Going through a divorce can bring out the worst in some people, but if you share children with your ex, you need to think carefully about how you handle each aspect of the split. One area that you have to handle with kid gloves is child custody.
Some parents might be tempted to bring all of their anger into the child custody negotiations, but this is a horrible idea. Instead, parents must focus solely on what the children need because the court is going to consider the best interests of the children when it's evaluating custody agreements.
When should you bring up your ex's negative behaviors?
Typically, the things that went wrong in your marriage don't need to be brought up in child custody matters. The exception is if there is abuse or an addiction that impacts the child's safety. If that's a factor in your divorce, speak to your attorney about how you should handle the situation. You shouldn't go into a negotiation session making these accusations, even if they're true. There might be other options that will end with a better result for the children. You should be prepared to go through a court battle if this is a factor and you can't come to terms with your ex that will keep the kids safe.
How can you keep the focus on the children?
Make sure that you're thinking about how each decision will benefit the children. Even though it's understandable that you want as much time with them as possible, the child deserves to have a meaningful relationship with both parents. This means that you need to have a split custody schedule that gives both parents the ability to spend quality time with the child.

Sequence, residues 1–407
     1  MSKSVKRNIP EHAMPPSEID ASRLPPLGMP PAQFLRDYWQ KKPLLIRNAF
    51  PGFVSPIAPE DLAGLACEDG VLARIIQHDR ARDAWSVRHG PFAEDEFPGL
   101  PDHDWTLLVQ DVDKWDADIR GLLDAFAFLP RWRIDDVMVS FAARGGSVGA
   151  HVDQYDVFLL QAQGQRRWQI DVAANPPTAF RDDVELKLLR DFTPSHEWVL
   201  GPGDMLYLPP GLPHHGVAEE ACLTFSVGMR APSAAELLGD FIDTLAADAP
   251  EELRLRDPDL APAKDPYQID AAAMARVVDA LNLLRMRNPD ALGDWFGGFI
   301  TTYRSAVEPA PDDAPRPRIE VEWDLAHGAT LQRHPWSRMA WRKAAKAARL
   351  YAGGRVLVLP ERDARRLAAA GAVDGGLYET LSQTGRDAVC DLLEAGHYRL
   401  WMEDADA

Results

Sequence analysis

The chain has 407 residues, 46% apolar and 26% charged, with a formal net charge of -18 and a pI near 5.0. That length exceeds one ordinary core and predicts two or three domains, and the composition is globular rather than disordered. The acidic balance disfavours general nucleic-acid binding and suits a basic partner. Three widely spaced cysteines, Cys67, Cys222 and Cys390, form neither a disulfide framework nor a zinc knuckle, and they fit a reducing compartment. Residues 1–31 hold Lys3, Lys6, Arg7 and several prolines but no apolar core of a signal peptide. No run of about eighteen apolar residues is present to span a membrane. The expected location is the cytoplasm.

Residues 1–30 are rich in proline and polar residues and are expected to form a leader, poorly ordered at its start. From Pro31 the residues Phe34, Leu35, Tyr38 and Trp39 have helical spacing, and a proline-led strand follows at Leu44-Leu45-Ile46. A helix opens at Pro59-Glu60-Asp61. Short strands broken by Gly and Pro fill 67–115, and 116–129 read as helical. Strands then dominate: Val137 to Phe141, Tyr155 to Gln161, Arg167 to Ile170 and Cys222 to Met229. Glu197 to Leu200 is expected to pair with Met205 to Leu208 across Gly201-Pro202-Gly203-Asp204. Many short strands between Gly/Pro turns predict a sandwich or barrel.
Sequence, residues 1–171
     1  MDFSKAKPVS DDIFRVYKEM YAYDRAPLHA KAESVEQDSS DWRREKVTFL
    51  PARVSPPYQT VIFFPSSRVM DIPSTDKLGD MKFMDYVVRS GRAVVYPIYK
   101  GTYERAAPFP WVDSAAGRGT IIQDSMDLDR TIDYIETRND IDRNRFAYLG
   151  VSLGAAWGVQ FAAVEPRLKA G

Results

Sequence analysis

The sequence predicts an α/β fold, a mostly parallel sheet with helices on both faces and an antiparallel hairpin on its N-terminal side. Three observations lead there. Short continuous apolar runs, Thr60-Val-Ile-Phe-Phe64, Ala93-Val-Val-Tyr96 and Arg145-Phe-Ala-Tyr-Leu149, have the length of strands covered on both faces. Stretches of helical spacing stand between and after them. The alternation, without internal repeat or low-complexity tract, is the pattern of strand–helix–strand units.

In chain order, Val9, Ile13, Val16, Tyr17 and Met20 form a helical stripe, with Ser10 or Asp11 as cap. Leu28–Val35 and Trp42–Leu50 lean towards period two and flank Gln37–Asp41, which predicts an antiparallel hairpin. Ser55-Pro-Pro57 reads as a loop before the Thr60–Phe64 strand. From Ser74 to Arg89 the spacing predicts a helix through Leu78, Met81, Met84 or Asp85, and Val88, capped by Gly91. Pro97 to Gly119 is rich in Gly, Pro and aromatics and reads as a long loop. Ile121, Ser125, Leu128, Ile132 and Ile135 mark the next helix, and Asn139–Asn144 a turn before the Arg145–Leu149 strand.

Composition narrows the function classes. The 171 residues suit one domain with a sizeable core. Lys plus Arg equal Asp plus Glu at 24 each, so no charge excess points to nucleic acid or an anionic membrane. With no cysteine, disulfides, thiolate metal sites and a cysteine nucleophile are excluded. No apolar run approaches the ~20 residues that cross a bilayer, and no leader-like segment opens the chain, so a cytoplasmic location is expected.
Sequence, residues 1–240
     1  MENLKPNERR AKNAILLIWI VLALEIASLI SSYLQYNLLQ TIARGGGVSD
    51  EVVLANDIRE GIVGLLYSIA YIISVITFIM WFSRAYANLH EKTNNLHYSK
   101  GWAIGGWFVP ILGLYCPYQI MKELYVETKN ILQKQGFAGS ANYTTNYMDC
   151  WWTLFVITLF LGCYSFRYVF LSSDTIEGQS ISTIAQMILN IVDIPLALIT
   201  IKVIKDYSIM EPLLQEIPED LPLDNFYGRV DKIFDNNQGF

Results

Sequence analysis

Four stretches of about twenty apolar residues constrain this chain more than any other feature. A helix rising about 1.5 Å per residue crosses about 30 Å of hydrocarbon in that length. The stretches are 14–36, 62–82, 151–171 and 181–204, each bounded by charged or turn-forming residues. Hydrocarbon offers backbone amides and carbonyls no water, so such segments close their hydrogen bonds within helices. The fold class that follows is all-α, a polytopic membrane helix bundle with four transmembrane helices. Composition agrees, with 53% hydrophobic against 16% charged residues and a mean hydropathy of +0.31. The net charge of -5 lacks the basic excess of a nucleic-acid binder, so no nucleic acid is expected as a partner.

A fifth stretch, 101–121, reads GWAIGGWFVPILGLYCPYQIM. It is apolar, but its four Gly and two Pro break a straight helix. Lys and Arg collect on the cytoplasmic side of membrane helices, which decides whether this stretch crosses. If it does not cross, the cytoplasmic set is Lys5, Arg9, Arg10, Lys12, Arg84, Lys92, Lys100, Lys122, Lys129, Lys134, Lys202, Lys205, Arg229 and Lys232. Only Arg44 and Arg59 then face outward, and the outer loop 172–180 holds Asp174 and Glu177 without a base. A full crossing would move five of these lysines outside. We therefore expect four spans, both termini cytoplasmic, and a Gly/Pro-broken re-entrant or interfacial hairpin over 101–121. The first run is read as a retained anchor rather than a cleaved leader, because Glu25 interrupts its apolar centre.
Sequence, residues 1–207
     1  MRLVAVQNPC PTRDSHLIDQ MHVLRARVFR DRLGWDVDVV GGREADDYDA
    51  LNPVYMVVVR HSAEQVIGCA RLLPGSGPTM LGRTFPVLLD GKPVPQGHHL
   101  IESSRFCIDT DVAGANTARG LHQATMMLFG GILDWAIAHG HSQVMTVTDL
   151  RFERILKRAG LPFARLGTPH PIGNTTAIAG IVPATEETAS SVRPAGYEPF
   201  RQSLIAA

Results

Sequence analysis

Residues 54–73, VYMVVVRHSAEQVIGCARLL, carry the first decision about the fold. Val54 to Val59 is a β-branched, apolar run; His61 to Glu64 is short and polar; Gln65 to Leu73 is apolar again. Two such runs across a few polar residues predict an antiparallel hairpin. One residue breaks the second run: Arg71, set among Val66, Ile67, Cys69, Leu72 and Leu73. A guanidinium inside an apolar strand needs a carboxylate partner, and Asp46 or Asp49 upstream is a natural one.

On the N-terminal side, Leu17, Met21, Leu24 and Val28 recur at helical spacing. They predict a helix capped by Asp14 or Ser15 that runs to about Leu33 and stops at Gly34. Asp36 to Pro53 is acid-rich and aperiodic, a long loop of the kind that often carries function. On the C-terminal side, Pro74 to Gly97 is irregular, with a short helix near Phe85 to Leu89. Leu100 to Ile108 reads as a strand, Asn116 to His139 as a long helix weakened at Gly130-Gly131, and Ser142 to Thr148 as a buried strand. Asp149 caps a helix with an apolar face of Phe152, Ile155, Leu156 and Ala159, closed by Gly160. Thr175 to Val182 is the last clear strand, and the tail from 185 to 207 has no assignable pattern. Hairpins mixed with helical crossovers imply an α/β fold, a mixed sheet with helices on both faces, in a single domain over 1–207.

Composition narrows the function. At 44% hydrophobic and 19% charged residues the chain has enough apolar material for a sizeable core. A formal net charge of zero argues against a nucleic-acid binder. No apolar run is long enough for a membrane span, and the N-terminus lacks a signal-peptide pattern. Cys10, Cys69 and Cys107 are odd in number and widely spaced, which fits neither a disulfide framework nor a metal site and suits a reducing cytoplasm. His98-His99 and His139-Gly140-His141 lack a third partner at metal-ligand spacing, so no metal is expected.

What do you do when you agree to something?
Understanding the options that you have in the custody matter might help you to compromise with your ex. Sometimes, creative solutions are what's best for the child, so think carefully about what should happen. Everything that you agree upon during the custody mediation sessions must be put in writing. The wording should be as clear as possible so that you avoid having to battle through a disagreement with your ex.
Remember that the decisions you make about custody and parenting should be based on what your children need now. Trying to guess what they'll need in the future can be far too difficult. If the agreement needs to be updated, you can always go through a modification.